Skip to main content
It looks like you're using Internet Explorer 11 or older. This website works best with modern browsers such as the latest versions of Chrome, Firefox, Safari, and Edge. If you continue with this browser, you may see unexpected results.

MLA Citation Guide: In-text Citations


When quoting or paraphrasing another person's words or ideas, you must give credit to that person.  You do this with an in-text citation. 

An in-text citation is placed at the end of the phrase or sentence(s) you are quoting or paraphrasing. 

It includes the person's name followed by the page number:

(author's last name page number)

With a web site, where there is usually no page numbers, just list the author's last name.


When the author's name is part of the text, list just the page number

In-text citation:

Wordsworth extensively explored the role of emotion in the creative process (263).

When the author's name is not part of the text, list the name and page number

In-text citation: 

Romantic poetry is characterized by the "spontaneous overflow of powerful feelings" (Wordsworth 263).

Citation on Works Cited page:

Wordsworth, William. The Complete Poetical Works of William Wordsworth. Houghton Mifflin, 1932.

When using a web site, with no page number, list just the author's name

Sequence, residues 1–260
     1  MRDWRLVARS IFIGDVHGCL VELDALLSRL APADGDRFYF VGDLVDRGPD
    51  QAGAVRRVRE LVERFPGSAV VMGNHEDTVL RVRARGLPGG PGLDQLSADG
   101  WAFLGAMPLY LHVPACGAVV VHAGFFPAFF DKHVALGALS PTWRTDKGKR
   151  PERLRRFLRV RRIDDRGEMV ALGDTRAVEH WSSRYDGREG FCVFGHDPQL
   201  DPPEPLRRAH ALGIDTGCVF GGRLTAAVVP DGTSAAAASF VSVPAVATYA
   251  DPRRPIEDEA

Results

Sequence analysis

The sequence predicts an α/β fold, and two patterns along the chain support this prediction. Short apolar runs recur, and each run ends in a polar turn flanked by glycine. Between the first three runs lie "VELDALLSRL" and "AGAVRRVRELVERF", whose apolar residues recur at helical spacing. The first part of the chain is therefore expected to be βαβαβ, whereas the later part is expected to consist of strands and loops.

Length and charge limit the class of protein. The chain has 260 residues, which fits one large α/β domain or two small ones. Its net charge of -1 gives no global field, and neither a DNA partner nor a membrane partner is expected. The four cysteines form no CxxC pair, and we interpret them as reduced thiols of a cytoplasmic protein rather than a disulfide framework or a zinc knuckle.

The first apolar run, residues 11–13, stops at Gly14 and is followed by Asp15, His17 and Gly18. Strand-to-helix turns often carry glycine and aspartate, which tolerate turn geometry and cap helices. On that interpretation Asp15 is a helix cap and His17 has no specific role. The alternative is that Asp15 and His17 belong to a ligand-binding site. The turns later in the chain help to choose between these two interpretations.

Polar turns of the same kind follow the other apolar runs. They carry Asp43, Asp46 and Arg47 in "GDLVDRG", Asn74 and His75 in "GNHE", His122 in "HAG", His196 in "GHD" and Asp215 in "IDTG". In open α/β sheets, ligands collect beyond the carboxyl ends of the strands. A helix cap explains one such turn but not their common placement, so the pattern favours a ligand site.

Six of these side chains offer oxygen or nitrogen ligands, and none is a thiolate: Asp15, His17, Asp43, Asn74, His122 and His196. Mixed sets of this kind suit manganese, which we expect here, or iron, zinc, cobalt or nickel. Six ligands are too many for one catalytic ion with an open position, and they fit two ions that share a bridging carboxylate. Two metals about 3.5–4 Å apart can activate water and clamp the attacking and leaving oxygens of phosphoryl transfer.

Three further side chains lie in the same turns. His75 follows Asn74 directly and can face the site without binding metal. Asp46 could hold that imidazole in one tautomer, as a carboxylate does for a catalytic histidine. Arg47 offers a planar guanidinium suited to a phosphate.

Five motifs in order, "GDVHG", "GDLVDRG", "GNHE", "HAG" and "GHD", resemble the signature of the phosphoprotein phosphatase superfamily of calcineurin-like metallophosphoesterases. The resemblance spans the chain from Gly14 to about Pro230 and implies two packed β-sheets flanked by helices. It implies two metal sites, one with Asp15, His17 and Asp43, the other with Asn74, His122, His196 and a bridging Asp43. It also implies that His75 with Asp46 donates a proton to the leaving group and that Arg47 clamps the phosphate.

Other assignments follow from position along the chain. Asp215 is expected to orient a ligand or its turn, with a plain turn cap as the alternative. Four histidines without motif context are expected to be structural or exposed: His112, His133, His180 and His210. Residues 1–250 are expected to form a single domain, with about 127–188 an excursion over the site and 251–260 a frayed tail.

In-text citation: 

The incident at Virginia Tech involved a greater number of deaths than any campus shooting in U.S. history (Johnson).

Citation on Works Cited page:

Johnson, Alex. "Worst U.S. Shooting Ever Kills 33 on Va. Campus." MSNBC, 16 April 2007,

When there is no author, use a short form of the title, followed by the page number

In-text citation:

As of 2001, at least three hundred towns and municipalities had considered legislation regulating use of cell phones while driving ("Lawmakers" 2).

Citation on Works Cited page

"Lawmakers Drive Message Home. " Telegraph-Herald, 22  Nov. 2007, p. A8. ProQuest,

When there are two authors, list both names, followed by the page number

In-text citation:

Experts in the affect of trauma should be more extensively involved in the formulation of disaster response policy (Fairbank and Gerrity 317).

Citation for Works Cited page:

Fairbank, John A., and Ellen T. Gerrity. "Making Trauma Intervention Principles Public Policy." Psychiatry, vol. 70, no. 4 2007, pp. 316-319. ProQuest,